A unified platform also reduces the financial burden of subscribing to multiple solutions, offering a more cost-effective and manageable solution for your marketing needs. In other words, the more you can consolidate your tools and channels, the more you can reduce your total cost of ownership (TCO) of your marketing stack.
For example, Insider provides a centralized platform where you can create, oversee, and automate campaigns across 12+ native channels. This eliminates the need for multiple channel-specific tools, each with its own set of login credentials and user interfaces.
Insider’s platform is flexible, so you can only use those channels or capabilities that you need to, at any one time. This can be useful if you take a phased approach to implementing Insider by starting with one or two channels (e.g., email and on-site) and expanding to others over time.
AI’s ability to process and analyze millions of data points allows businesses to deliver content that resonates with individual preferences across a vast customer base. This technology goes beyond traditional analytics and automation solutions by utilizing complex algorithms to uncover hidden patterns in customer behavior, preferences, and engagement.
For example, Insider’s personalization engine (and its AI algorithms) can match every user with relevant content, messaging, and product recommendations, thus personalizing every touchpoint in a customer’s experience.
Insider also lets you bring 12+ channels under a single platform and use one solution to personalize all touchpoints, including:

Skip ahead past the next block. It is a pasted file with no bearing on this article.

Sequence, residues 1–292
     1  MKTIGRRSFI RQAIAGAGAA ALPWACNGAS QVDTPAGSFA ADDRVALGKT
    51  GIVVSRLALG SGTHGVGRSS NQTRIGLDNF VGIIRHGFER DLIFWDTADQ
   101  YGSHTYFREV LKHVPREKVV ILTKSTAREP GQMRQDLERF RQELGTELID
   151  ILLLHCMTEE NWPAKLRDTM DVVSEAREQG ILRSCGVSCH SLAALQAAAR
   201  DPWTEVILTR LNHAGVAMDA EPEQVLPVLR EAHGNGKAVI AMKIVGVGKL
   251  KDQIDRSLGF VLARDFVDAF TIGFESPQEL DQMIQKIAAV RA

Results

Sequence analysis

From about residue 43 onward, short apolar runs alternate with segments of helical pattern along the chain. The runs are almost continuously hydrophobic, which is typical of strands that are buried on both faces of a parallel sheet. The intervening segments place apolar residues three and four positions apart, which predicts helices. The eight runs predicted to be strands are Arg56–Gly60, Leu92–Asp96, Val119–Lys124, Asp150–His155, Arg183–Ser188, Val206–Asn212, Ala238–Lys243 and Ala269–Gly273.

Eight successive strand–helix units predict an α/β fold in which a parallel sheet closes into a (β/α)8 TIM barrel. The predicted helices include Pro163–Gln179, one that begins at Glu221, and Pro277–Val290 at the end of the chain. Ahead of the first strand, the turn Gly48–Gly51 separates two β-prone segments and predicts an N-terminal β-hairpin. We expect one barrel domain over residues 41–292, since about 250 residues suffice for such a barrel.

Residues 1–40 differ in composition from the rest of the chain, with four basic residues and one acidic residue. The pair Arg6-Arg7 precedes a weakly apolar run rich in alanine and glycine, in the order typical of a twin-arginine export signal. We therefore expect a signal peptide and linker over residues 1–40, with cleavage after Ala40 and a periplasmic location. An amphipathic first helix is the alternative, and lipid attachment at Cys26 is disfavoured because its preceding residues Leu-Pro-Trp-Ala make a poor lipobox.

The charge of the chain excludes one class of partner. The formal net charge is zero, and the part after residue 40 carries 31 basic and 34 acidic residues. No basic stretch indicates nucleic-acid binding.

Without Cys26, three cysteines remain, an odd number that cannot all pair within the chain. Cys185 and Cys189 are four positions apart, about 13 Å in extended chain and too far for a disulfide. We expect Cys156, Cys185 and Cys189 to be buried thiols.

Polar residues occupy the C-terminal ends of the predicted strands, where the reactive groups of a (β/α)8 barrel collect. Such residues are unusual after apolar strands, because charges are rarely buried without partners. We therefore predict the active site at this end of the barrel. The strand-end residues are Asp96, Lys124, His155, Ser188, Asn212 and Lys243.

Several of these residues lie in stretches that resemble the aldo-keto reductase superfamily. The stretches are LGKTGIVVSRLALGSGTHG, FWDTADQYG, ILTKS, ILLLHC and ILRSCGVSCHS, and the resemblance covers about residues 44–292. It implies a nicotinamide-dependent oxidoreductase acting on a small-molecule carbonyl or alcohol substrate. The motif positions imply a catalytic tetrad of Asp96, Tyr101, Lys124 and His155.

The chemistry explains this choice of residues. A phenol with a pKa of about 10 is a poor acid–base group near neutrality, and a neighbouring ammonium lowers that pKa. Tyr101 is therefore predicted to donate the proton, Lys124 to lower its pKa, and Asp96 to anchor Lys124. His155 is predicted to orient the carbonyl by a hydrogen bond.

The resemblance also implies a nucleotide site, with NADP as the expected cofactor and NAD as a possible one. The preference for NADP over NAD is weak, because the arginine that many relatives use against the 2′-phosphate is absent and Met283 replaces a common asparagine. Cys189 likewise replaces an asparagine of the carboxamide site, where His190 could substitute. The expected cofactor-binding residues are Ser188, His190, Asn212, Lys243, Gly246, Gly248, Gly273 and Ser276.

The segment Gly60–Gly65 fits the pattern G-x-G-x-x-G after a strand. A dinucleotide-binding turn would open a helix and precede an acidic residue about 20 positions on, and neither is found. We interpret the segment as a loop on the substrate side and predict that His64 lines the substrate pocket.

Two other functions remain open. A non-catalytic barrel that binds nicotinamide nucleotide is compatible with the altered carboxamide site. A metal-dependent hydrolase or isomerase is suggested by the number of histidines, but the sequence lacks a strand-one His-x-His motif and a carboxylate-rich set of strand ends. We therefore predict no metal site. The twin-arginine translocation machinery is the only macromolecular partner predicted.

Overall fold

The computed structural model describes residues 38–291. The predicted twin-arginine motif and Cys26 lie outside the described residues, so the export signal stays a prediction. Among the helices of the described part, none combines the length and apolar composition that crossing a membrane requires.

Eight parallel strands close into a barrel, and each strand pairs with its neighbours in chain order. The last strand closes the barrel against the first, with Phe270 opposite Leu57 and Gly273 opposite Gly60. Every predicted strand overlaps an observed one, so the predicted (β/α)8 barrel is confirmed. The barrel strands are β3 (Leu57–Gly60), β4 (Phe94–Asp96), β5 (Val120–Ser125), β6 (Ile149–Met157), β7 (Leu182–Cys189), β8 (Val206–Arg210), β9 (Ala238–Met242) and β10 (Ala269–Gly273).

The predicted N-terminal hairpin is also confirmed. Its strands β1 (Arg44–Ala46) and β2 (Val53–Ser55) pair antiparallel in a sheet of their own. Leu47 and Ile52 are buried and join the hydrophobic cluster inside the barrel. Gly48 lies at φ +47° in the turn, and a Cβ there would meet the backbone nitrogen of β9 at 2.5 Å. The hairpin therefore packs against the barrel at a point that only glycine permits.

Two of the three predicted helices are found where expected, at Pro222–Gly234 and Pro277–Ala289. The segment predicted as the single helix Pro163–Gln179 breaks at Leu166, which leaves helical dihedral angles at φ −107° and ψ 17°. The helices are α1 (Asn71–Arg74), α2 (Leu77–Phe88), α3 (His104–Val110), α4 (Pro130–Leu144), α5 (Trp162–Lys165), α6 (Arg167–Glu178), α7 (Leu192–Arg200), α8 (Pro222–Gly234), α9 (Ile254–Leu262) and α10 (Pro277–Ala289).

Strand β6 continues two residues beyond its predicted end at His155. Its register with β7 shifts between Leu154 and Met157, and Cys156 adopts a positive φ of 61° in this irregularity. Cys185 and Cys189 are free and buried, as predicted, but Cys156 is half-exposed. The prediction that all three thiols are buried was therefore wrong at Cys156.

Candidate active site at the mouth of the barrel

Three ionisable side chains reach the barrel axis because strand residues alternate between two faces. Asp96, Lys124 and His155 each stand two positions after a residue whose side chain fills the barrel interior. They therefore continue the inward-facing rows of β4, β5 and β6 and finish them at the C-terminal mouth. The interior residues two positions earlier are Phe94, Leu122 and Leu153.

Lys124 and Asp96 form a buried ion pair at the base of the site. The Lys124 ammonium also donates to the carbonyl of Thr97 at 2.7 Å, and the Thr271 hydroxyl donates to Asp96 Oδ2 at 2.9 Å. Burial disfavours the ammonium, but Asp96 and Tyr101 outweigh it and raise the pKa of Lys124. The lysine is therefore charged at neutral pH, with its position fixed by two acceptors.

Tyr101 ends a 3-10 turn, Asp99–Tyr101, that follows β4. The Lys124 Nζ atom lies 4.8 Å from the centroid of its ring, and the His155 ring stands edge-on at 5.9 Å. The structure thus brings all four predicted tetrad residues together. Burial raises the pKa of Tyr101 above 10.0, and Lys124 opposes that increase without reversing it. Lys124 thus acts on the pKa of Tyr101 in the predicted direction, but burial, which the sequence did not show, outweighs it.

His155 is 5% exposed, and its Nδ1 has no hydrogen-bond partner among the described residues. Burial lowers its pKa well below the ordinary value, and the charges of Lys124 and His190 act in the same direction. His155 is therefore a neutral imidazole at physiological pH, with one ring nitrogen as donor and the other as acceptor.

Architect, Insider’s customer journey orchestration tool, ties together all these personalized touchpoints into a cohesive customer experience. It also leverages essential AI-based capabilities, like:
Insider also offers another AI tool that can automates segmentation, customer journey creation, and content generation called Sirius AI. Sirius AI’s generative AI capabilities can help you:
An enterprise marketing platform is a comprehensive suite of tools and technologies designed to support the marketing efforts of large-scale organizations, with the aim of improving the customer experience, increasing efficiency, and maximizing marketing efforts and budget.
Although there’s no platform that’s right for every team, in our experience the three criteria below are essential for enterprise companies:
We’ve now covered the theory behind enterprise marketing, so it’s time to get practical. Below are three success stories in which Insider helped enterprise marketing teams solve key problems, drive revenue, and improve their ROI.
Vodafone is a leading telecommunications company in Europe and Africa. It operates in 21 countries, with over 300 million mobile customers and 30 million global customers.
Their marketing team was looking for ways to enhance the company’s cross-channel marketing strategy and test new channels.
That’s why they collaborated intensively with Insider’s regional growth specialists to develop highly refined, AI-driven customer segments using various traits, behaviors, preferences, and more.
These segments facilitated the creation of tailored customer experiences across key channels for Vodafone, including on-site, email, web push, and Facebook. Insider’s expertise was instrumental in assisting Vodafone in executing a comprehensive multichannel marketing strategy.